Rooted in the principle of fairness, the doctrine of assignor estoppel generally prevents an inventor, who had previously assigned their patent rights to another for value, from later contesting the validity of the assigned patent. On June 29, 2021, in Minerva Surgical, Inc. v. Hologic Inc., the Supreme Court upholds the doctrine of assignor estoppel, but finds that “assignor estoppel only applies when the assignor’s claim of invalidity contradicts explicit or implicit representations he made in assigning the patent.” Minerva Surgical, Inc. v. Hologic Inc., — S.Ct. — (2021), located at: https://www.supremecourt.gov/opinions/20pdf/20-440_9ol1.pdf.
The Court provides a few examples in which assignor estoppel would not apply allowing the inventor to contest the validity of a patent previously assigned by the inventor:
- “[W]hen the assignment occurs before an inventor can possibly make a warranty of validity as to specific patent claims,” such as through an employment arrangement when “[a]n employee assigns to his employer patent rights in any future inventions he develops during his employment.”
- “[W]hen a later legal development renders irrelevant the warranty given at the time of assignment.”
- When there is a material change to the scope of the patent claims after the inventor assigns the patent application as “the assignor did not warrant to the new claims’ validity.”
The Court’s decision narrowing of the scope of assignor estoppel is not limited to these three examples. However, many questions have been left unanswered.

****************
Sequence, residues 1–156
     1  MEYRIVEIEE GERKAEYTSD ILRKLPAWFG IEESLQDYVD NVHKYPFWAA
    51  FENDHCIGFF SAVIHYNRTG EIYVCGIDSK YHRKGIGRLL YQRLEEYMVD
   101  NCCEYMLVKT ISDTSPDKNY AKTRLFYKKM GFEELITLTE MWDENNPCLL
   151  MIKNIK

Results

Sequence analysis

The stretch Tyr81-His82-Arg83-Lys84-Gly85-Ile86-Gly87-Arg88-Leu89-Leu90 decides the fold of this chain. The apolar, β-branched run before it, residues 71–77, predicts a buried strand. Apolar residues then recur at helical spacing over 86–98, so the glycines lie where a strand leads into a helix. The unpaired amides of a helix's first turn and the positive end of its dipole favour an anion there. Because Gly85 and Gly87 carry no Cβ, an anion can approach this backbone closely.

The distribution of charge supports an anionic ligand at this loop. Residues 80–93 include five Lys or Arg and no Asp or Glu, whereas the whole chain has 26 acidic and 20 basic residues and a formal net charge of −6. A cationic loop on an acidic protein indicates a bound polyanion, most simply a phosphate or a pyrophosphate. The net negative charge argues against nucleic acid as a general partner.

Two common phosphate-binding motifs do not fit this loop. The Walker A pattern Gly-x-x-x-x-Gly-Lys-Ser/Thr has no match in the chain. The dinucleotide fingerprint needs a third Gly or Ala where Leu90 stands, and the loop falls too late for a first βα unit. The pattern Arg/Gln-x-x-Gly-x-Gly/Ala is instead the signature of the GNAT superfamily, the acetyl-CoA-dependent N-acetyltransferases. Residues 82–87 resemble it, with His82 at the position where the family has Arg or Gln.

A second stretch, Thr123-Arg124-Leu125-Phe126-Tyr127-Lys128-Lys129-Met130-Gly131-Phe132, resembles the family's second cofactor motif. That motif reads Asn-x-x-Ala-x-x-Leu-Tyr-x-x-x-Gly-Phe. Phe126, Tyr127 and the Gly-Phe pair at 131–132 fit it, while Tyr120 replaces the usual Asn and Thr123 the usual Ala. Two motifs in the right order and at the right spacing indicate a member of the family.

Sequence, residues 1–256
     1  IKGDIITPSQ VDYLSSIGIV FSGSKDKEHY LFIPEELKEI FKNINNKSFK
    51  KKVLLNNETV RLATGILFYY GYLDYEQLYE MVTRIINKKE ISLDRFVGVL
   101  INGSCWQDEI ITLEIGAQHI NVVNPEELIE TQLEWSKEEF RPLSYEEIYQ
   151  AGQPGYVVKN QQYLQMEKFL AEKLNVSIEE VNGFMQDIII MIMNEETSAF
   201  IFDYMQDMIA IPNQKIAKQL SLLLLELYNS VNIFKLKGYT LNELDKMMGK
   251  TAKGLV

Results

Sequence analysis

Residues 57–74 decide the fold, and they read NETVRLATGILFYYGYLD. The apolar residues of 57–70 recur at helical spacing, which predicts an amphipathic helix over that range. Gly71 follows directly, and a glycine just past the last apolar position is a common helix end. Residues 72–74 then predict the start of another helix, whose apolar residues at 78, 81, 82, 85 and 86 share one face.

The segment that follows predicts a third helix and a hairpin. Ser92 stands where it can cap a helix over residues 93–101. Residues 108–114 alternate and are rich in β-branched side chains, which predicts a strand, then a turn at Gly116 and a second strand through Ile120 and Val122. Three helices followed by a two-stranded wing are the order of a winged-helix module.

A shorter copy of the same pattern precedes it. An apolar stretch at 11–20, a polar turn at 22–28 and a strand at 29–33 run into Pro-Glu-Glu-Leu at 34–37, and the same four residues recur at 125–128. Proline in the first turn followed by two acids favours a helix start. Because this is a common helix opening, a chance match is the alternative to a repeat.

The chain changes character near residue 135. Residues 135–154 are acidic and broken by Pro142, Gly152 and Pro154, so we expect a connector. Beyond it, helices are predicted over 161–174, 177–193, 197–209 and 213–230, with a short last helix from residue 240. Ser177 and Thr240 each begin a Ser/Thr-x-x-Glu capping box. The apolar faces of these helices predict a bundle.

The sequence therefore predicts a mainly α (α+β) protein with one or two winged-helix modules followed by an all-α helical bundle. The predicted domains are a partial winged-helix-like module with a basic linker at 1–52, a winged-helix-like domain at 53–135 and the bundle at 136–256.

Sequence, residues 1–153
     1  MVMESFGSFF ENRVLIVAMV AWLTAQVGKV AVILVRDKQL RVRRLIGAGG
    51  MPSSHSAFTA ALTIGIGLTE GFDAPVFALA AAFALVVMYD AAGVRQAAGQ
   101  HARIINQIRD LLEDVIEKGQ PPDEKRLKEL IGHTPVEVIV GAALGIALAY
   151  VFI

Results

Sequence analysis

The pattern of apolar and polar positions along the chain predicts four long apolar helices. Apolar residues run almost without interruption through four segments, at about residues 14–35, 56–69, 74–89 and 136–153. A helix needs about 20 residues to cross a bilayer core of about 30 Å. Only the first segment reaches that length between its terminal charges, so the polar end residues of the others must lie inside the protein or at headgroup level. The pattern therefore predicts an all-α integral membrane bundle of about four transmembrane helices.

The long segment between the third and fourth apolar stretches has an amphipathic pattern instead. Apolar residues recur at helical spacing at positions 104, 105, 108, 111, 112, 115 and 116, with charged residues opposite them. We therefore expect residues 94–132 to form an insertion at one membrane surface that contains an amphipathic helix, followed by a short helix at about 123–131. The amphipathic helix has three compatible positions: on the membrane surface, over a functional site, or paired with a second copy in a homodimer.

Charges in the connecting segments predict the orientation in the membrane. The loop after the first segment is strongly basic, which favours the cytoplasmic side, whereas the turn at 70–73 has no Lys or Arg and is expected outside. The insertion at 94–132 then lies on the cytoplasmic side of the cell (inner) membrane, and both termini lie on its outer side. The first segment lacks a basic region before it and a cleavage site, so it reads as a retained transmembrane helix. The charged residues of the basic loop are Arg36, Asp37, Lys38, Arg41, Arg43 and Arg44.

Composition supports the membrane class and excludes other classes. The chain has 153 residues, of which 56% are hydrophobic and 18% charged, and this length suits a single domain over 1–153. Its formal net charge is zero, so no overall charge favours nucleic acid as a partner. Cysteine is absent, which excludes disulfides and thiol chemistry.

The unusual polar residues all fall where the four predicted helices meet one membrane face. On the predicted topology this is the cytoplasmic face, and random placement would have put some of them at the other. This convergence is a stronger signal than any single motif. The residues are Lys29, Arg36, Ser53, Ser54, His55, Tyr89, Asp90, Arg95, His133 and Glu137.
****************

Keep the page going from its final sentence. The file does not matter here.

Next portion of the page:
Notably missing from the Court’s examples is when prior art is later discovered after issuance of the patent. An inventor may assign their patent without any knowledge of the prior art that would later form the basis of their invalidity position. Although an inventor has “a duty to disclose to the Office all information known to that individual to be material to patentability” during prosecution of the patent under 37 CFR § 1.56, the inventor is not aware of all of the prior art in the universe at the time. Nor does the inventor necessarily make any explicit or implicit representations regarding prior art to which the inventor has no knowledge. The prior art forming the basis–or at least part of the basis–of the inventor’s later invalidity position may only be discovered well after the patent issues and the inventor assigns their patent.
The Court’s discussion of a previous assignor estoppel decision in Westinghouse Elec. & Mfg. Co. v. Formica Insulation Co., 266 U. S. 342 (1924) seems to state that the inventor would be estopped from presenting prior art as the basis of their invalidity position–even if they were previously unaware of the prior art:
After thus endorsing assignor estoppel, the Court made clear that the doctrine has limits. Although the assignor cannot assert in an infringement suit that the patent is in-valid, the Court held that he can argue about how to construe the patent’s claims. Here, the Court addressed the role in patent suits of prior art—the set of earlier inventions (and other information) used to decide whether the specified invention is novel and non-obvious enough to merit a patent. “Of course,” the Court said, the assignor cannot use prior art in an infringement suit “to destroy the patent,” because he “is estopped to do this.” But he can use prior art to support a narrow claim construction—to “construe and narrow the claims of the patent, conceding their validity.”
And the Supreme Court did not explicitly overrule Westinghouse. See Minerva Surgical, Inc. v. Hologic Inc., — S. Ct. — (2021) (Alito, J., Dissenting).
It is not clear whether the Court purposely omitted the example where prior art is later-discovered upholding Westinghouse or whether the Court left out this example to avoid overruling Westinghouse as the facts of Minerva Surgical did not require the Court to do so.
This is just one of many questions that will need to be answered in future litigation.
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